News
Each year on July 4, Juneau and Douglas kids hurtle down Saint Anne's Avenue in cars (perhaps) of their own making. Some speed straight down the course in less than 15 seconds. Some take the paths less traveled, bouncing between the tires that line the route. Some look so serious their faces could belong behind Nascar steering wheels. Some look terrified. Regardless, for most that participate, the Soapbox Challenge becomes a tradition.
Soapbox Challenge terrifying, thrilling 070914 NEWS 2 CAPITAL CITY WEEKLY Each year on July 4, Juneau and Douglas kids hurtle down Saint Anne's Avenue in cars (perhaps) of their own making. Some speed straight down the course in less than 15 seconds. Some take the paths less traveled, bouncing between the tires that line the route. Some look so serious their faces could belong behind Nascar steering wheels. Some look terrified. Regardless, for most that participate, the Soapbox Challenge becomes a tradition.

Mary Catharine Martin | Capital City Weekly

The car may grimace, but this child is having a great time.


Mary Catharine Martin | Capital City Weekly

This child smiled all the way down the street during the Soapbox Challenge.


Mary Catharine Martin | Capital City Weekly

Children enjoying the Soapbox Challenge.


Mary Catharine Martin | Capital City Weekly

Children enjoying the Soapbox Challenge.


Mary Catharine Martin | Capital City Weekly

Children enjoying the Soapbox Challenge.

Click Thumbnails to View
Wednesday, July 09, 2014

Story last updated at 7/9/2014 - 2:11 pm

Soapbox Challenge terrifying, thrilling

Each year on July 4, Juneau and Douglas kids hurtle down Saint Anne's Avenue in cars (perhaps) of their own making. Some speed straight down the course in less than 15 seconds. Some take the paths less traveled, bouncing between the tires that line the route. Some look so serious their faces could belong behind Nascar steering wheels. Some look terrified. Regardless, for most that participate, the Soapbox Challenge becomes a tradition.

Corder Janes participated in the event for the first time last summer. He came back for round two this year.

"I started to really like it, so I wanted to do it again," he said.

Eight-year-old Aeryn Locks said it's her fourth year doing the challenge. Next year, maybe she'll be using her own car - she won a raffle at the end of the event of a kit to put one together.

"It's really, really fun," she said.

Her favorite thing is the speed she gains running first down the Dipsticks' ramp, and then down Saint Anne's Avenue.

It's a speed that provided a bit of a challenge for volunteer Corwin Vavalis, who stopped car after car soon after they sped across the finish line. (Some cars come equipped with brakes; kids can also brake themselves with their feet, but Vavalis did a lot of the work for most kids.) He helped the Dipsticks out with their car show, and saw they needed some volunteers for this event.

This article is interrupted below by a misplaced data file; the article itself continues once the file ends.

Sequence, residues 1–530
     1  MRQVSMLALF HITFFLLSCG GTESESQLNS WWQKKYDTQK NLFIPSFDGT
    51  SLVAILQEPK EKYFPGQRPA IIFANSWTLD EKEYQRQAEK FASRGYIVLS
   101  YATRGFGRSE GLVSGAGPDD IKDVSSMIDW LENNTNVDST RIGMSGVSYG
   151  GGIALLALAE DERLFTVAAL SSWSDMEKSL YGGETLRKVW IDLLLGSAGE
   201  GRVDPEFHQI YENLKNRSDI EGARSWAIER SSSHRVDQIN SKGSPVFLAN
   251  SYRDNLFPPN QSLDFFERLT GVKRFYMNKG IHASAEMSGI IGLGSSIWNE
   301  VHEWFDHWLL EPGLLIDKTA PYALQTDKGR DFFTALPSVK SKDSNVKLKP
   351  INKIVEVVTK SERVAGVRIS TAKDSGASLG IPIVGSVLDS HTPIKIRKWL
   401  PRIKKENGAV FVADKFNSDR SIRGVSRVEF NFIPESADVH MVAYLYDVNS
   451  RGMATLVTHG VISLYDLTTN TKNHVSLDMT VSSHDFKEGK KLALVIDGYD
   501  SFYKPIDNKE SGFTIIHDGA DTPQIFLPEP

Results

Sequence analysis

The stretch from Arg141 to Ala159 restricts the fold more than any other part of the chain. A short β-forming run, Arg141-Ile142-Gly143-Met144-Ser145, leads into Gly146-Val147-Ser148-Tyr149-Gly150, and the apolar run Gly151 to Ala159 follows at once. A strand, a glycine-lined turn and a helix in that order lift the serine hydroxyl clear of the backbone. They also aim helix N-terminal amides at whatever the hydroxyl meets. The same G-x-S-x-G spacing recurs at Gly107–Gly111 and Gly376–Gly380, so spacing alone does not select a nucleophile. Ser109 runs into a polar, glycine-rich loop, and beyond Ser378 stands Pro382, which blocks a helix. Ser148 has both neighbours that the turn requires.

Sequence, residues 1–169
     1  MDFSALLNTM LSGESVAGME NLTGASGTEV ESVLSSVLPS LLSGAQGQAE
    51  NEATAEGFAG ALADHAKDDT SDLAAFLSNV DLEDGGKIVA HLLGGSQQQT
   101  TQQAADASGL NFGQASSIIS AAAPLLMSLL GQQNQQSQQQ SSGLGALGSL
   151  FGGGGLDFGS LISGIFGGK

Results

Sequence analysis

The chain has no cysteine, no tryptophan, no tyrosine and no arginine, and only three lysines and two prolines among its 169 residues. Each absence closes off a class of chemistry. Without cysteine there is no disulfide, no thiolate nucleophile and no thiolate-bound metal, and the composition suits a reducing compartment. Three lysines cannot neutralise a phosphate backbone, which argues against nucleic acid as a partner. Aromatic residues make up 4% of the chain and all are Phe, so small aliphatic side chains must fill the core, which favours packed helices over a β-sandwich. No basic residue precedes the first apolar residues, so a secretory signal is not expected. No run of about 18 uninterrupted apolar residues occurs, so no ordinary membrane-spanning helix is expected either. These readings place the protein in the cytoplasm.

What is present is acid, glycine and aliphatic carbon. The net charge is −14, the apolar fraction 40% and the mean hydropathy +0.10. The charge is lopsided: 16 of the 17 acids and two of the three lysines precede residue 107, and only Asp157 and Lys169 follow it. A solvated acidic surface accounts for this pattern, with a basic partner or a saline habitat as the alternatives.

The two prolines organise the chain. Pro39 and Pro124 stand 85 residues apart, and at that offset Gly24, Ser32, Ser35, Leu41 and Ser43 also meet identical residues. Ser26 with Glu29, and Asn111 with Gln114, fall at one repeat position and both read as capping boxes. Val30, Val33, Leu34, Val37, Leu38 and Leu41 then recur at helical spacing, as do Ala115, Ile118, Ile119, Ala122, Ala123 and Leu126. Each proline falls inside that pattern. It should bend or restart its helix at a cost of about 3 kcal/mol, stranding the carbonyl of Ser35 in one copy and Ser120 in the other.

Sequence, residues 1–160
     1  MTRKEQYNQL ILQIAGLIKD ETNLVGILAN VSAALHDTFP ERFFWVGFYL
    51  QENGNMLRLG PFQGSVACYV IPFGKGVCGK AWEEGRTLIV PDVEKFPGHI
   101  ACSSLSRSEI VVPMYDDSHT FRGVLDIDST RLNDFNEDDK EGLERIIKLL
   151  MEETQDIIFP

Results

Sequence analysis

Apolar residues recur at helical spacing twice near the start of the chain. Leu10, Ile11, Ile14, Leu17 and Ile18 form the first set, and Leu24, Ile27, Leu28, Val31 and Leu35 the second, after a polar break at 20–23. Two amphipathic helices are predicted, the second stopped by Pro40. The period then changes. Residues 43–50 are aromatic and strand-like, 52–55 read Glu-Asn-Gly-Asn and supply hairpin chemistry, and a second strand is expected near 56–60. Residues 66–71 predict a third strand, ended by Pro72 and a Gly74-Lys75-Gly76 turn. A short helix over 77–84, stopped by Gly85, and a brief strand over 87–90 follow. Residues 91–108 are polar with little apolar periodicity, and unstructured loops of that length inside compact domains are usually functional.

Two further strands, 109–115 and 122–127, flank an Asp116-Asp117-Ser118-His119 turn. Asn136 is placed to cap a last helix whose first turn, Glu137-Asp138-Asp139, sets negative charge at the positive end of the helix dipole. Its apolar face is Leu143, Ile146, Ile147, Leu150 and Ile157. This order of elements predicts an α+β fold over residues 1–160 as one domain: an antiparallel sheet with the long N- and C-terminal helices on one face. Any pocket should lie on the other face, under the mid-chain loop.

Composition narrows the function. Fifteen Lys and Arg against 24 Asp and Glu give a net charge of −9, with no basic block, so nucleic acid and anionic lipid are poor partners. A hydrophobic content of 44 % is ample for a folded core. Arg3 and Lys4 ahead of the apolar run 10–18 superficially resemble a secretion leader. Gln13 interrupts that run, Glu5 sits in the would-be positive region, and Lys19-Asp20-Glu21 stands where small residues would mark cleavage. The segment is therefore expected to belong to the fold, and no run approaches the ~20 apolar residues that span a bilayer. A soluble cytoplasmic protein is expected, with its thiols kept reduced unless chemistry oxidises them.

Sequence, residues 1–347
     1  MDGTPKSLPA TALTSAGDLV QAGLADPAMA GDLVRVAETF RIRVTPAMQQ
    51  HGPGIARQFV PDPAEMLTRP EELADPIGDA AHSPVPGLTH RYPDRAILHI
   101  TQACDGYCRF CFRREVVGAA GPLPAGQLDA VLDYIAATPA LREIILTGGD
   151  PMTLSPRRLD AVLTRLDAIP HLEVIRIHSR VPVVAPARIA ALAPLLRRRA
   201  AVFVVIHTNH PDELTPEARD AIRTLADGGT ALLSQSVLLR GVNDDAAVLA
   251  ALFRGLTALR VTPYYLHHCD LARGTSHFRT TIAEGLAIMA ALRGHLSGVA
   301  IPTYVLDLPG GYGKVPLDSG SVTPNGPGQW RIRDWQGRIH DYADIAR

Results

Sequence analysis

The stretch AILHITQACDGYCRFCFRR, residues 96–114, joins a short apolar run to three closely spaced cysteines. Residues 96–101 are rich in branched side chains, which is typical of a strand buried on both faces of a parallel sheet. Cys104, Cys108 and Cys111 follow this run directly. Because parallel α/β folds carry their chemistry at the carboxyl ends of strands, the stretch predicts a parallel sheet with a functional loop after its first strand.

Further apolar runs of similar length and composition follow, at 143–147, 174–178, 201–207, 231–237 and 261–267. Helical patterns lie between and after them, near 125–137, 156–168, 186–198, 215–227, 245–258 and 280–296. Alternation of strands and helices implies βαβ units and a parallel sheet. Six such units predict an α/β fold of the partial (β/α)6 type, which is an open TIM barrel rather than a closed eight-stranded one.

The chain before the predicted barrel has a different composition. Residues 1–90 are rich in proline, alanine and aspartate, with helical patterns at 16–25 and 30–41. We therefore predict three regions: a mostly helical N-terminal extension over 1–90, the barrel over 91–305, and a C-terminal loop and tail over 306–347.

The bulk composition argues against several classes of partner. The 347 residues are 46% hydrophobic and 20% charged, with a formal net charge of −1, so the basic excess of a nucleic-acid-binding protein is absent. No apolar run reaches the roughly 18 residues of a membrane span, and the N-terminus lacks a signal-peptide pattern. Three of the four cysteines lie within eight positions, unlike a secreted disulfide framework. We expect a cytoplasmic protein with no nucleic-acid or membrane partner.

"It's kind of tough," he acknowledged. Later, he was joined by another volunteer.

A Fourth of July soapbox derby was extremely popular in Juneau in the 1940s and after, with more than half the community attending, according to the Gastineau Historical Society, but interest waned until more recently, when it was restarted.

Gavin Millard, age 10, has been participating for five years.

"It's fun, and it's a good thing to do on July 4th," he said. "It's just fun, because you get down hills fast."

After fives years, Millard has worked out a strategy. "Stay on the right side," he said.

Organizer and former Juneau Dipsticks president Hugh Dilbeck said the Dipsticks have been involved for at least ten years. A car his family built - #24 - has won local, national and international races.

Like many other cars, it was on loan for kids who wanted to participate in the event and didn't have a car of their own.

The Soapbox Challenge, he said, is "simple, number one."

"There are no electronics. There's no computer. Your driving ability determines how fast the car goes," he said.

A main reason many families come out, he said, is that "It's a good family thing to do together."

Normally, Dilbeck said, between 80 and 100 kids participate in the challenge. More than 40 pre-registered on July 3 this year, when they could also do practice runs, he said.

There were three age groups: ages five and six, seven and eight, and nine and 10.

The top three fastest in each age group won trophies, and everyone got a medal. "Everyone goes away a winner," Dilbeck said.

The event looked so fun some adults were wishing they had something comparable. A man who asked he be known only as a "concerned citizen" suggested a boat-building competition, akin to the soapbox challenge, for adults.

The Douglas Soapbox Challenge is sponsored by the Juneau Dipsticks and the Douglas 4th of July Committee. Dilbeck also acknowledged sponsors Alaska Marine Lines, Costco, Admiralty Construction, Chatham Electric and Alaska Towing.

"It takes the community," he said.

"It's fun for the club to do," said current Juneau Dipsticks president Kimberly Vaughan.

For more information on the Juneau Dipsticks, go to http://juneaudipsticks.squarespace.com.

To read an article about the Soapbox Derby as it once was in Juneau, see this article: http://juneauempire.com/stories/0702/out_derbyrace.shtml.


Loading...